By Megan Whitlock
After the success of her award-winning bestseller Hamnet, Maggie O’Farrell has secured the first memorial to Shakespeare’s son, Hamnet, who died aged eleven in 1596, and his twin sister Judith, who died aged seventy-seven in 1662. Hamnet, which was published in 2020 by Hachette’s Tinder Press, was inspired by the story of Shakespeare’s long-forgotten son and has gone on to win awards such as the Women’s Prize for Fiction and the National Book Critics Circle Award for Fiction.
The memorial came in the form of two rowan trees planted in the churchyard of Holy Trinity Church, Stratford-upon-Avon, where Shakespeare, Anne Hathaway and their eldest daughter, Susanna, are famously buried. In autumn, Hamnet’s dedicated tree will have red-gold berries, and Judith’s will be a pink-white colour. The trees are accompanied by plaque quotations from Twelfth Night, a play that centres around separated twins, and Hamlet, specifically from Opehlia’s mourning song in Act IV:
"He is dead and gone, lady. He is dead and gone; At his head a grass-green turf, at his heels a stone."
As well as words from O’Farrell, the memorial ceremony involved RSC actress and Stratford local Hannah Young reading passages from Shakespeare’s plays. The author also brought sprigs of rosemary cut from her own garden, a plant Hamlet stresses is for remembrance, to lay as a tribute at the foot of each tree.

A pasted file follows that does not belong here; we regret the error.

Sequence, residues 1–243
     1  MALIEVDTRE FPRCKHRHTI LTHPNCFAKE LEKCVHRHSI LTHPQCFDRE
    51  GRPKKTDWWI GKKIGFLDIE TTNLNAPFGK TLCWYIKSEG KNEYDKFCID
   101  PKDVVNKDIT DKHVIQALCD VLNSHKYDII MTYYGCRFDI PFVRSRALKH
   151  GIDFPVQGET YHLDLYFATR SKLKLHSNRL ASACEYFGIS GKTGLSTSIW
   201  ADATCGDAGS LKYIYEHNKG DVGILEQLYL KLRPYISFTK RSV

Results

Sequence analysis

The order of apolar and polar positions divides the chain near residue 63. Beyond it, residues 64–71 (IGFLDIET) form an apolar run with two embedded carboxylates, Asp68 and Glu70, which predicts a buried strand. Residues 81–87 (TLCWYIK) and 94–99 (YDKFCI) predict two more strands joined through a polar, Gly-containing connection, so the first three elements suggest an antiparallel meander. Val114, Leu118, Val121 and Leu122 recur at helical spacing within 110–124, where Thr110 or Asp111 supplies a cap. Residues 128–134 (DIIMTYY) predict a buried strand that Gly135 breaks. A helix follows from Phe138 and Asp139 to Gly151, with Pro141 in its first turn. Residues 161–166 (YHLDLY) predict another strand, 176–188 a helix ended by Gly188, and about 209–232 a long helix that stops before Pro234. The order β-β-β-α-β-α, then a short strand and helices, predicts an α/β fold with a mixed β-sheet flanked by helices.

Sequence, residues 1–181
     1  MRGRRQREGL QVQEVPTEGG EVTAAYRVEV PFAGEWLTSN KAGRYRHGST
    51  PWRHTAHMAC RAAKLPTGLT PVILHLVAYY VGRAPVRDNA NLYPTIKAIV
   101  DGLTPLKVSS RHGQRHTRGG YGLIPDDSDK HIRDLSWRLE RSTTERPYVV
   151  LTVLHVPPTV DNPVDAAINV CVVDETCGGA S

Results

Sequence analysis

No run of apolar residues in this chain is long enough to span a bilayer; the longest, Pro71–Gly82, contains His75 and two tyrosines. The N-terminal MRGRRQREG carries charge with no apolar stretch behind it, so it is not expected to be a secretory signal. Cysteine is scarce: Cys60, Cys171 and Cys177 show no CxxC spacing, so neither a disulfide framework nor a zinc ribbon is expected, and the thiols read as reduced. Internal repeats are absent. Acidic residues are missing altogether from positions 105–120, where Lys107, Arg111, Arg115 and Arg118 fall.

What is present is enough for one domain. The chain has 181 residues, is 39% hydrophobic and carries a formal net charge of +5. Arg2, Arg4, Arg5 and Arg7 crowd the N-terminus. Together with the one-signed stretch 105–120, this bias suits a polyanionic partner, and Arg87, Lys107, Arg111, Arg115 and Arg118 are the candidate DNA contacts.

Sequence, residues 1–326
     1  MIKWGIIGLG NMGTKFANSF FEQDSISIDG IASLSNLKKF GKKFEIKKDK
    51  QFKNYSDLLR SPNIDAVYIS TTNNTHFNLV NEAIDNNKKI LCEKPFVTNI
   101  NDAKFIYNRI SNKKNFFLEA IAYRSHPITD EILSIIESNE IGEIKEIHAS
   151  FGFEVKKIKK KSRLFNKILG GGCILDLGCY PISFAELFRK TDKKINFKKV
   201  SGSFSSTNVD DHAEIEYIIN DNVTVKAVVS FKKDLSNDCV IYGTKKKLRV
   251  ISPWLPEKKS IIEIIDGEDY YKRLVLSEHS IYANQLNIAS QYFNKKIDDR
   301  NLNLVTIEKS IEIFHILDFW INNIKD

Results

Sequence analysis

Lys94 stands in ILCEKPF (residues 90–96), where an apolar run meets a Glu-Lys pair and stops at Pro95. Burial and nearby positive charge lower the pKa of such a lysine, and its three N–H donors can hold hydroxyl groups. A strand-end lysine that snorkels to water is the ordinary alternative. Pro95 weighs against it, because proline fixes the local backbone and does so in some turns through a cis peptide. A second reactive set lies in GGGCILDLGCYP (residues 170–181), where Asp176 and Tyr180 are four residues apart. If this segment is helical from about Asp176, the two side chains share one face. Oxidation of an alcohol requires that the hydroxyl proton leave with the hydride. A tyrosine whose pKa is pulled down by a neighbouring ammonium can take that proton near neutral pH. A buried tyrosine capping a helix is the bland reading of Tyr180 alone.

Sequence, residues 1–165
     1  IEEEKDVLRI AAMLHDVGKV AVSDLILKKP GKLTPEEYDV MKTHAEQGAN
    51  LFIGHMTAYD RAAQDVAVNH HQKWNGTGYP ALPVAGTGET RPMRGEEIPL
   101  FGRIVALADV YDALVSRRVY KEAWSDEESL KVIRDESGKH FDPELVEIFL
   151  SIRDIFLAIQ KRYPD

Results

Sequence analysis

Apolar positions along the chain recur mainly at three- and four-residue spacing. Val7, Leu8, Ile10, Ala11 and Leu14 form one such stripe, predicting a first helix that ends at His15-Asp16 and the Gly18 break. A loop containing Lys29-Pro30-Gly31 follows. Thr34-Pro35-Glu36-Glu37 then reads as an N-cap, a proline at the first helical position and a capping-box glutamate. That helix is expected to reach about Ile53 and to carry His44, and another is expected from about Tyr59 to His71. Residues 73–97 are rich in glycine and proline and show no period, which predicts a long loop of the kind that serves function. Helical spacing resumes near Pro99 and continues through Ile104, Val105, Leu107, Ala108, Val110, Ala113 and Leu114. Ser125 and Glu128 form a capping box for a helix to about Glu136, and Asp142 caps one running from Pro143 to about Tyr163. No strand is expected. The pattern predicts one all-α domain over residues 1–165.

In the 426 years since his death, this is the first established memorial dedicated to Hamnet, who is believed to also be buried at the church, just like his sister, in an unknown location. The ceremony also coincided with Stratford’s literary festival, which ran from 3-8 April and included a wide number of speakers such as Derek Jacobi and Simon Armitage, as well as O’Farrell.
O’Farrell is quoted in The Bookseller as saying:
“When I first visited Holy Trinity Church in 2017, I was saddened to discover that there was no gravestone to either of the Shakespeare twins [...] It’s wonderful that the church and the town have come together to create this memorial. We owe Hamnet and Judith so much. Separated twins surface again and again in Shakespeare’s plays; I believe that without Hamnet’s early death, we wouldn’t have Hamlet and we wouldn’t have Twelfth Night.”